David Carr piles on the skepticism. A Newsweek.com staffer vents at the abolition of the site:

Tina Brown is a legend, and we’re excited for her, and the future of Newsweek. But if she does make the decision to fold Newsweek.com, here’s what we hope everyone remembers. In the face of indifference, condescension and even outright hostility from its print counterpart; with little to no resources; with more high-level hires and fires over the past couple of years than anybody could possibly countand a revolving door of editorsthe small but tireless staff at Newsweek.com consistently created editorial work that made waves: via a Website, on video platforms, through multimedia, photo and social media. Whatever happens to Newsweek, we are all proud to have played a part in that.

Felix Salmon is also befuddled:

On a budgetary level Newsweek.com is the cheapest and most efficient part of the entire organization, losing less money and providing much more bang per buck than either TheDailyBeast.com or the print edition of Newsweek. It also has more readers than both of them put together.

Mark Coatney:

My guess is that if the Daily Beast even gets 10% of Newsweek.com’s monthly uniques to come over to their place, they’ll be fortunate.

We'll see. I can see why abolishing Newsweek.com in a swift move makes editorial sense - how do you somehow editorially integrate two utterly different sites? But I share the skepticism that a simple redirect is not the same thing as fusion of two different audiences. In this case, 1 + 2 may just = 1.2 in the medium term. But who knows how many Newsweek.com readers will actually love the Beast when they get to know it and stick around? Madrigal gives the concept more props:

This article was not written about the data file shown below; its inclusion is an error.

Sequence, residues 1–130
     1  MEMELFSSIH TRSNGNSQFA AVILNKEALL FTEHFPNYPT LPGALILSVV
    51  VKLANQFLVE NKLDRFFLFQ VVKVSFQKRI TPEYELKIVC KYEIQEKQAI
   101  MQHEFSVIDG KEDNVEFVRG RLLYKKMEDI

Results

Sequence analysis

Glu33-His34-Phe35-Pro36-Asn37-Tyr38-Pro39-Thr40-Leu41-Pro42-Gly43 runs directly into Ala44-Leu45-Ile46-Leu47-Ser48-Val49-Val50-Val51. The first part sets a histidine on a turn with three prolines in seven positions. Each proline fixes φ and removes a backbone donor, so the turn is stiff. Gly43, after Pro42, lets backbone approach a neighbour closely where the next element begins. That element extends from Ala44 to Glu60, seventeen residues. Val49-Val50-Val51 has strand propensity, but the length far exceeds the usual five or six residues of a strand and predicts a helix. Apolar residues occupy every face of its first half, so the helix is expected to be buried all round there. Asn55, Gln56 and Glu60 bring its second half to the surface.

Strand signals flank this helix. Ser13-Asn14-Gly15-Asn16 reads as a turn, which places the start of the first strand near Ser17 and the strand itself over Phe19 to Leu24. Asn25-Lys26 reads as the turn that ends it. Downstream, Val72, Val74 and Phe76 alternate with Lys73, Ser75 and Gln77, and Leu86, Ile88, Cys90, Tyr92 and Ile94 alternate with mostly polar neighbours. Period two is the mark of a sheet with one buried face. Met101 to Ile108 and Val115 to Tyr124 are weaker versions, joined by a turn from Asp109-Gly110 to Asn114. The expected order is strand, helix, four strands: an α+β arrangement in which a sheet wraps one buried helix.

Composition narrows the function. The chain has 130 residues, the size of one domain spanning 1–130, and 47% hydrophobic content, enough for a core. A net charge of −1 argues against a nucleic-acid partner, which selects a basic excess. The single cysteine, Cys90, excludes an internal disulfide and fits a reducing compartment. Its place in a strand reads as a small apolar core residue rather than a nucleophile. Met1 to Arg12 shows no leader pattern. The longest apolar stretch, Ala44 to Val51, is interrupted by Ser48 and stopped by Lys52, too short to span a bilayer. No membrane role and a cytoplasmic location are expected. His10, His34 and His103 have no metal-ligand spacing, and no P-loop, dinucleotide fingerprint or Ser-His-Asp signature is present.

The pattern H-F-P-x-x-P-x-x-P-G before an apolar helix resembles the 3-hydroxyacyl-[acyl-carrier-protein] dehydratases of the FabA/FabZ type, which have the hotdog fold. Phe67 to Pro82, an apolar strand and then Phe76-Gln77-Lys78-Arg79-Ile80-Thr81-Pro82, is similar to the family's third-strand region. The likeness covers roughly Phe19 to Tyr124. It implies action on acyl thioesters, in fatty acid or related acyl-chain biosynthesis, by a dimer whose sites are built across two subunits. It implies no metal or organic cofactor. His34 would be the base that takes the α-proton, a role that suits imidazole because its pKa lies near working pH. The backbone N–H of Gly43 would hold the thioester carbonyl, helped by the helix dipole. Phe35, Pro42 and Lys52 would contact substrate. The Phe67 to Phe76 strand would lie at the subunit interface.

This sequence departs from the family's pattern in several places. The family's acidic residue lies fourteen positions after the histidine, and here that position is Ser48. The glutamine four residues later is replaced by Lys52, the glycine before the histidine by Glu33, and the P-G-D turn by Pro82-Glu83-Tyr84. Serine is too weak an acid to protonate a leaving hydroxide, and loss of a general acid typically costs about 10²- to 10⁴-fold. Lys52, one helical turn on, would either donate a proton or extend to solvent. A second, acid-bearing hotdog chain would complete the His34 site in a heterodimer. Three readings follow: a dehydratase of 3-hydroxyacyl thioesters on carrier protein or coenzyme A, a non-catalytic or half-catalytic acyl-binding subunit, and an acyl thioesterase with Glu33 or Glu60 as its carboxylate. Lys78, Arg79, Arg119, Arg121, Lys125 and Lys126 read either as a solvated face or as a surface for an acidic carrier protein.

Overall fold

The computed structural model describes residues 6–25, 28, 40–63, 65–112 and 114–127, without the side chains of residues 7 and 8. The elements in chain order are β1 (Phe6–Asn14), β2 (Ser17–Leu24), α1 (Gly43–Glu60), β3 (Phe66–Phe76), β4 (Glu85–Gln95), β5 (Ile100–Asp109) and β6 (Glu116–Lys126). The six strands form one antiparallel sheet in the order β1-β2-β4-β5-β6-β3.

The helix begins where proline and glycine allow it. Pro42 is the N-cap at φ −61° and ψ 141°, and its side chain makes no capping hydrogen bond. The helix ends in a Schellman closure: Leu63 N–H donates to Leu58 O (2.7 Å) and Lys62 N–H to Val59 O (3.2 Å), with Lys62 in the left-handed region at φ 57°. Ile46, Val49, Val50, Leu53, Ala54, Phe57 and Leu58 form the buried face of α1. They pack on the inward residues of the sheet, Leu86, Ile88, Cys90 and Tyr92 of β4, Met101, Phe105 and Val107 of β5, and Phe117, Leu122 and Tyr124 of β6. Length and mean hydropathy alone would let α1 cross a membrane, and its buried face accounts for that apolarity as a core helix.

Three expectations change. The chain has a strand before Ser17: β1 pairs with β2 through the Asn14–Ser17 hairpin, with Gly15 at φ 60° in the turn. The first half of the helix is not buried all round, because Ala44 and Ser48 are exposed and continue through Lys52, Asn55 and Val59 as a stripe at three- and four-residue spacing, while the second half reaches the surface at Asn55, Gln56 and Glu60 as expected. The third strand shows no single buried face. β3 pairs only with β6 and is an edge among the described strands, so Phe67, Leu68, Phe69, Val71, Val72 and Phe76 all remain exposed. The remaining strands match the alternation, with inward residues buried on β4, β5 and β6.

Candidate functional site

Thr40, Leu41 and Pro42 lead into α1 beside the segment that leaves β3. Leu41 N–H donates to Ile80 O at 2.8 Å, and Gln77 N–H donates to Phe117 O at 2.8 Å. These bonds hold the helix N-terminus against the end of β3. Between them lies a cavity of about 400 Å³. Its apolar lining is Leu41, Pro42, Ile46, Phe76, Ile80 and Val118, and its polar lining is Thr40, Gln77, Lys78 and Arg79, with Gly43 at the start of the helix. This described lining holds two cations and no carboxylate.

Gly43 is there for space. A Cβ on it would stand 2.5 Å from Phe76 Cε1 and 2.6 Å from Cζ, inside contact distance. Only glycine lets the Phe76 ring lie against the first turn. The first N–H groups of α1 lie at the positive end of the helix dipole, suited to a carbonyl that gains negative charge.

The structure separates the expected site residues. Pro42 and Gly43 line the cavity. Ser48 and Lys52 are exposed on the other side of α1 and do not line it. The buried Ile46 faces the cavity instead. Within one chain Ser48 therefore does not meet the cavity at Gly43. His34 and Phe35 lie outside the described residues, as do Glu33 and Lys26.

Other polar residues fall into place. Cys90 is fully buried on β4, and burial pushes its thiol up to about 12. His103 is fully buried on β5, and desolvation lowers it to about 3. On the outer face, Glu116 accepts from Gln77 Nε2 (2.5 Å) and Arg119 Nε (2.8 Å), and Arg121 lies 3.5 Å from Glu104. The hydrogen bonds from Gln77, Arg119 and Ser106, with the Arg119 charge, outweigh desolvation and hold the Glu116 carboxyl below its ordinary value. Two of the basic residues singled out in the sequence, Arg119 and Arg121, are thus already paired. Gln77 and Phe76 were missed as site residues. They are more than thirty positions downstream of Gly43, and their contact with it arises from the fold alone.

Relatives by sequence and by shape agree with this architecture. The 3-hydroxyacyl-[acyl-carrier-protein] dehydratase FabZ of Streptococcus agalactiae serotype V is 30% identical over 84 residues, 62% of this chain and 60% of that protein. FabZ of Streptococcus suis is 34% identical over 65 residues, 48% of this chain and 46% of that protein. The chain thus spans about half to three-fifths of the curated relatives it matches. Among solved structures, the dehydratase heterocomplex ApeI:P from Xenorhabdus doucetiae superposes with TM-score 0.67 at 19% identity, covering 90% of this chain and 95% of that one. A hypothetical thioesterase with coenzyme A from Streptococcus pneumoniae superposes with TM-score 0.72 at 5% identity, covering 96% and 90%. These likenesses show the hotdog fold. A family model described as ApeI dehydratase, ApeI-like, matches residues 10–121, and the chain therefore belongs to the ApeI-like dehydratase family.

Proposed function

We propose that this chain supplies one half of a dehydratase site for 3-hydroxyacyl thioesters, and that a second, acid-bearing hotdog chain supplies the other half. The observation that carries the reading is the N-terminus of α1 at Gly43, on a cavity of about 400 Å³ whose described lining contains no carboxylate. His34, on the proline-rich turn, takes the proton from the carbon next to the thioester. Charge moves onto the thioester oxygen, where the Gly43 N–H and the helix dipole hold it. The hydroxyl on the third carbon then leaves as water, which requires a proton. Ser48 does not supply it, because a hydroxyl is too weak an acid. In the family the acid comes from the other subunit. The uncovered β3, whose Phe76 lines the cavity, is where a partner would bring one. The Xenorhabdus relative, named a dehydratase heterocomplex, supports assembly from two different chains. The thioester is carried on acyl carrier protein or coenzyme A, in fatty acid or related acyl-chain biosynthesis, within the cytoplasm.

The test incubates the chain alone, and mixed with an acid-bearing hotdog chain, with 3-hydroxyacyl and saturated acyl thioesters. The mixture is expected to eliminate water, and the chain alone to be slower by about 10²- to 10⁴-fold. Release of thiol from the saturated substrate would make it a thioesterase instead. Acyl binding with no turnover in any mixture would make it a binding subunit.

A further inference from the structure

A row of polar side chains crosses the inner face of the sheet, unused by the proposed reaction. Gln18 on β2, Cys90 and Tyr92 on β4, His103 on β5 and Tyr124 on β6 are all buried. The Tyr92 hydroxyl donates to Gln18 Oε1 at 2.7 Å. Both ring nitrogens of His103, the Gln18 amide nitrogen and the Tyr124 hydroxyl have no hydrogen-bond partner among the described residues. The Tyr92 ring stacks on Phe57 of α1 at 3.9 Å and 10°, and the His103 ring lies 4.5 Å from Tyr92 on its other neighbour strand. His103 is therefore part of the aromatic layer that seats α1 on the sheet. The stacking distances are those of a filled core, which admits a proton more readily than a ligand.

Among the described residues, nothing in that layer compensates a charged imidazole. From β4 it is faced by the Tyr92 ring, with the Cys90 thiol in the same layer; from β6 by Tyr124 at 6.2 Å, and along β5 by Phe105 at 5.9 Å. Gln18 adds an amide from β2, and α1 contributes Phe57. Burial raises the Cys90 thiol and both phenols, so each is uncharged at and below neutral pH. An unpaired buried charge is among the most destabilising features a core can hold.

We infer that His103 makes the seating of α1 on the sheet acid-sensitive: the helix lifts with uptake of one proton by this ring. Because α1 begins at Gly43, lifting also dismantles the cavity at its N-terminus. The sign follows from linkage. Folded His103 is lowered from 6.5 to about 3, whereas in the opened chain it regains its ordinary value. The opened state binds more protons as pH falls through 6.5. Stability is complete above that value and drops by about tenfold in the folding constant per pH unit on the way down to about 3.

Take a website (The Beast) with a ton of editorial energy and marry it to a shaky, but salvageable print brand and maybe you're on to something.

But he is right to worry, I suspect, about the general trends of existing magazine brands online:

I've started to wonder whether one can really build a new destination publication -- one that people bookmark and return to, or type into a browser bar -- that can reach millions. I know there are counterexamples -- HuffPo, Gawker, GigaOm, TechCrunch -- but not many. It's worth noting that these successful standalone online publications all launched in 2006 or before. That is to say, they got in before the social media tidal wave hit the beaches. Even The Awl, which is a singular media property if ever there was one, has taken years to get to half a million unique visitors a month. And who knows how many of those people go in the front door thinking, "I wonder what's on TheAwl.com?"

This is largely intuition here, but people just don't seem to use the Internet that way anymore. If they are the type of person who goes to a predetermined set of sites, they already have their list. And if they do frequent new sites and publications, they get there through social media. Relative to even a few years ago, it seems harder to capture dedicated readers beyond very small niches. Obviously, this has major implications for my own career trajectory, and those of all writers.

My view is that, from the beginning, the web has always favored individuals over institutions. That has only intensified with the impact of social media. There's something about logging on to a computer alone to read, the intimacy of the one-on-one writer-reader relationship online, and the sheer millions of choices you have in what to consume that tends to favor trusting individuals, rather than older, institutional brands.